Archive for the ‘Ports’ Category

Freight Regulation Update 2016 – Rules Under Review

Posted on: February 29th, 2016 by The IAS Team No Comments

The transportation industry will see a record number, close to 22, new regulations between 2017 and 2019. These regulations include everything from e-logging mandates to limiting driver hours to keeping trucks below 68 MPH. Trucking companies need to be ready for these regulations, which have the potential to worsen the capacity crisis, increase transportation rates and lower carrier productivity.

Three of the latest regulations imposed on the trucking industry are quite restrictive, including the Compliance, Safety, and Accountability (CSA) initiative, the electronic logging device (ELD) mandate, and the hours of service (HOS) regulation.

The CSA initiative was designed to ensure carrier compliance with all regulations by providing a safety performance score for carriers so that shippers could see which carriers are more reliable. However, under a five-year highway bill unveiled Dec. 1, federal trucking regulators would be required to remove certain safety performance scores for motor carriers from public view until the scoring program is reformed. The reform came about because many of the previous performance scores were not accurate. Trucking companies need to keep accurate records of their performance because the initiative could be reinstated, or at least some version of it.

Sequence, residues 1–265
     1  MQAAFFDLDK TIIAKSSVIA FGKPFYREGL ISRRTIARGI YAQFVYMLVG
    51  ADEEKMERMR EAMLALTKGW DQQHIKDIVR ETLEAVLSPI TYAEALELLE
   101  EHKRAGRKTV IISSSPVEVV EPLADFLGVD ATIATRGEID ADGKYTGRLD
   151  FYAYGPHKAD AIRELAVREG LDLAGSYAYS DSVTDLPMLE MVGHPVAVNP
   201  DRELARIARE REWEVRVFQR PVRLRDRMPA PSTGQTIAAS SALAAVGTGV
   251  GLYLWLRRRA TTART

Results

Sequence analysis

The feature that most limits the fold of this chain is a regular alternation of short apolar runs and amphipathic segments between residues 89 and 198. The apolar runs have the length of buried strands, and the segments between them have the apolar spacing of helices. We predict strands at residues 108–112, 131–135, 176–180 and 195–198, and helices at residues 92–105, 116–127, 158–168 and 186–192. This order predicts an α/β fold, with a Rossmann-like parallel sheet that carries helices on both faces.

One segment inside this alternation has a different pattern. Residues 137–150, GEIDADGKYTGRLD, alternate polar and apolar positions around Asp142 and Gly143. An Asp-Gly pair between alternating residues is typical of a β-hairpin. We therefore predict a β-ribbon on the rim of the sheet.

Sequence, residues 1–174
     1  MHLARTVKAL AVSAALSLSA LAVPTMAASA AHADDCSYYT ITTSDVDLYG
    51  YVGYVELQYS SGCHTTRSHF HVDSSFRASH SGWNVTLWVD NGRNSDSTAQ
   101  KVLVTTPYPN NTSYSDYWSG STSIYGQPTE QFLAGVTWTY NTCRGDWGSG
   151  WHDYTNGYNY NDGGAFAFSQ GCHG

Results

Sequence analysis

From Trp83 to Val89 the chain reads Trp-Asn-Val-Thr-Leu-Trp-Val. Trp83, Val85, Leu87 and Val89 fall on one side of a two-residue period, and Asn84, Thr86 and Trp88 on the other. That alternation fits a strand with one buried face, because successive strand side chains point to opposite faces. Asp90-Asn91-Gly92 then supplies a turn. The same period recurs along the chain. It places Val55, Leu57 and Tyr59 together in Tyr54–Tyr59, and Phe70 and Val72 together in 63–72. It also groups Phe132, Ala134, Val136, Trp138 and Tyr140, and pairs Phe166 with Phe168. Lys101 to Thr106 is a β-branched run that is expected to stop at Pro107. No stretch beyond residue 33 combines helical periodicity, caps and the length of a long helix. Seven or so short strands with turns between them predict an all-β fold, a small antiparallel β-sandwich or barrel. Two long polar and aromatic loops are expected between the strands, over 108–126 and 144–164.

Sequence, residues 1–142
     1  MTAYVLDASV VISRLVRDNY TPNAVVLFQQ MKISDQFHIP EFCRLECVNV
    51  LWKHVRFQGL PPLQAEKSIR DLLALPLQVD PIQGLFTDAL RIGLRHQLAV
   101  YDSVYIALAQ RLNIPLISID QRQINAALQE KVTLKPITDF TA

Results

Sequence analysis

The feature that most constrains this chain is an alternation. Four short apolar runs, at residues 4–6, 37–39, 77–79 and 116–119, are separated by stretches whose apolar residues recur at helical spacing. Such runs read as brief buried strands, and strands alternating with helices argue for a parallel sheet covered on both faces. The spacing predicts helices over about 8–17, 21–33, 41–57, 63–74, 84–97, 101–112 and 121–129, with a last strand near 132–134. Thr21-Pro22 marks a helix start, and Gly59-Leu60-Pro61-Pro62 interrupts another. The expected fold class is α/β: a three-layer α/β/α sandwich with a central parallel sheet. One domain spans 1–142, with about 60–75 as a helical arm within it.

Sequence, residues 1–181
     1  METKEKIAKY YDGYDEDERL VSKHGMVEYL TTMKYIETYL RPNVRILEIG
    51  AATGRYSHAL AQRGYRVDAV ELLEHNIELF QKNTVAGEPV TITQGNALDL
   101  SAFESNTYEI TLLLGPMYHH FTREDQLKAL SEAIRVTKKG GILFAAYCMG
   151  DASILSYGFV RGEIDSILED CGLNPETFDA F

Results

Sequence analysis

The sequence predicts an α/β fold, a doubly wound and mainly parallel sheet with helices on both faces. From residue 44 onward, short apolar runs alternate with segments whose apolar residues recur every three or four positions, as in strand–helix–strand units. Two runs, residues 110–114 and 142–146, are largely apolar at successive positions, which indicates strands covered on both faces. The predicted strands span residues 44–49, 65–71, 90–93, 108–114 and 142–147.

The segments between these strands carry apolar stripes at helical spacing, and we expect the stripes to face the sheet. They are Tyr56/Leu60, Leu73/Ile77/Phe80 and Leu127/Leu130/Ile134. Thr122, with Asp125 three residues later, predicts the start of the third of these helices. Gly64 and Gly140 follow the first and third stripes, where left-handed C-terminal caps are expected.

The ELD mandate, which was passed in December 2015 and will become effective in December 2017, has met some resistance. Many large carriers already use ELDs to cut down on administrative time and costs, but small and medium sized carriers believe the regulation will cost them 5 to 8 percent in lost productivity and revenues. The ELD rule was initiated so that the hours of service were logged correctly. Implementing ELDs not only involves purchasing the equipment but also creating internal processes to manage information. This can lead to decreased efficiencies and higher shipping costs.